Cursors are treated by the optimizer in a special way. If you are running a “normal” statement PostgreSQL will optimize for total runtime. It will assume that you really want all the data and optimize accordingly. However, in case of a cursor it assumes that only a fraction of the data will actually be consumed by the client. The following example shows, how this works:

test=# CREATE TABLE t_random AS 
	SELECT random() AS r 
	FROM generate_series(1, 1000000);
SELECT 1000000
test=# CREATE INDEX idx_random ON t_random (r);
CREATE INDEX
test=# ANALYZE ;
ANALYZE

I have created a table, which contains 1 million random rows. Finally I have created a simple index. To make sure that the example works I have told the optimizer that indexes are super expensive (random_page_cost):

test=# SET random_page_cost TO 100;
SET

Let us take a look at an example now: If the query is executed as cursor you will notice that PostgreSQL goes for an index scan to speed up the creation of the first 10% of the data. If the entire resultset is fetched, PostgreSQL will go for a sequential scan and sort the data because the index scan is considered to be too expensive:

test=# BEGIN;
BEGIN
test=# explain DECLARE cur CURSOR FOR SELECT * FROM t_random ORDER BY r;
                                        QUERY PLAN                                         
-------------------------------------------------------------------------------------------
 Index Only Scan using idx_random on t_random  (cost=0.42..732000.04 rows=1000000 width=8)
(1 row)

test=# explain SELECT * FROM t_random ORDER BY r;
                                     QUERY PLAN                                      
-------------------------------------------------------------------------------------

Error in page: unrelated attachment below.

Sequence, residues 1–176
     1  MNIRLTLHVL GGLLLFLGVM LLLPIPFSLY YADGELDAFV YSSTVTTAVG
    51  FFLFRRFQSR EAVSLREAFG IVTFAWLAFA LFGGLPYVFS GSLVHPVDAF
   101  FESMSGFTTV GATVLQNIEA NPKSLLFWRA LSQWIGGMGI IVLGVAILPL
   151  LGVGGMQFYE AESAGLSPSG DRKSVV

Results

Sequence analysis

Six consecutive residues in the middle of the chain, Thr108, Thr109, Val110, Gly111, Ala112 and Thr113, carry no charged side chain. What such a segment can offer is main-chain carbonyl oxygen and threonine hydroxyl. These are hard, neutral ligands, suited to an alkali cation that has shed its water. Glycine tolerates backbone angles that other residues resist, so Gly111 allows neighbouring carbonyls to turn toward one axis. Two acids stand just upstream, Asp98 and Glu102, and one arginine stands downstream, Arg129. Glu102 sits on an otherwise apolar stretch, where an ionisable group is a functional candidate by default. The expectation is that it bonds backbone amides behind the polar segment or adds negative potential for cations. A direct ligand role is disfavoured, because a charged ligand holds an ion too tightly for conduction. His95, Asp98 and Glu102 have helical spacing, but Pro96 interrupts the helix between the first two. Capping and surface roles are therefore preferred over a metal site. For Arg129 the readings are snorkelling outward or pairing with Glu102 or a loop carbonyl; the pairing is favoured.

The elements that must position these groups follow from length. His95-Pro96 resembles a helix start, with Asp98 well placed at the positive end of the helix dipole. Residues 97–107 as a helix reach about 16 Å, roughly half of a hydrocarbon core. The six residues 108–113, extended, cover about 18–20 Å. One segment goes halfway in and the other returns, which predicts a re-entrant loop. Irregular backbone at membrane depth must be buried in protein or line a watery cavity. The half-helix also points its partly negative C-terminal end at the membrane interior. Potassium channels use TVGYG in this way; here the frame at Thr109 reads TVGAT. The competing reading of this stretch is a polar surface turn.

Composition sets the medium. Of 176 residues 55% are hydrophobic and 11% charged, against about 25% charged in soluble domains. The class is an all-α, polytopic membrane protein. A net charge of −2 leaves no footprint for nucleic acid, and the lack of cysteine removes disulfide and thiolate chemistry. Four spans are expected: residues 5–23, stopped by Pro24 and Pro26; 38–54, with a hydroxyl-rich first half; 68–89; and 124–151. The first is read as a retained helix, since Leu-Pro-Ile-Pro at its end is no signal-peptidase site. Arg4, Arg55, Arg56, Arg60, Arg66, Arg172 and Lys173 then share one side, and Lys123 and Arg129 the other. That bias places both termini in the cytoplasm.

Gather Merge  (cost=132326.50..229555.59 rows=833334 width=8)
   Workers Planned: 2
   ->  Sort  (cost=131326.48..132368.15 rows=416667 width=8)
         Sort Key: r
         ->  Parallel Seq Scan on t_random  (cost=0.00..8591.67 rows=416667 width=8)
(5 rows)
test=# COMMIT;
COMMIT

The main question arising now is: How does the optimizer know that the first 10% should be fast and that we are not looking for the entire resultset? A runtime setting is going to control this kind of behavior: cursor_tuple_fraction will configure this kind of behavior:

test=# SHOW cursor_tuple_fraction;
 cursor_tuple_fraction 
-----------------------
 0.1
(1 row)

The default value is 0.1, which means that PostgreSQL optimizes for the first 10%. The parameter can be changed easily in postgresql.conf just for your current session.

Using cursors across transactions

So far you have seen that a cursor can only be used inside a transaction. COMMIT or ROLLBACK will destroy the cursor. However, in some (usually rare) cases it can be necessary to have cursors, which actually are able to survive a transaction. Fortunately PostgreSQL has a solution to the problem: WITH HOLD cursors.

Here is how it works:

test=# BEGIN;
BEGIN
test=# DECLARE cur CURSOR WITH HOLD FOR 
	SELECT * FROM t_random ORDER BY r;
DECLARE CURSOR
test=# \timing
Timing is on.
test=# COMMIT;
COMMIT
Time: 651.211 ms

As you can see the WITH HOLD cursor has been declared just like a normal cursor. The interesting part is the COMMIT: To make sure that the data can survive the transaction PostgreSQL has to materialize the result. Therefore the COMMIT takes quite some time. However, the FETCH can now happen after the COMMIT:

test=# FETCH 4 FROM cur;
          r           
----------------------
 2.76602804660797e-07
 6.17466866970062e-07
 3.60095873475075e-06
 4.77954745292664e-06
(4 rows)

If you are making use of WITH HOLD cursors you have to keep in mind that the cursor has to be closed as well. Otherwise your connection will keep accumulating new cursors and store the result.

test=# \h CLOSE
Command:     CLOSE
Description: close a cursor
Syntax:
CLOSE { name | ALL }

Do you want to learn more about PostgreSQL and the optimizer in general consider? Check out one of our older posts right now.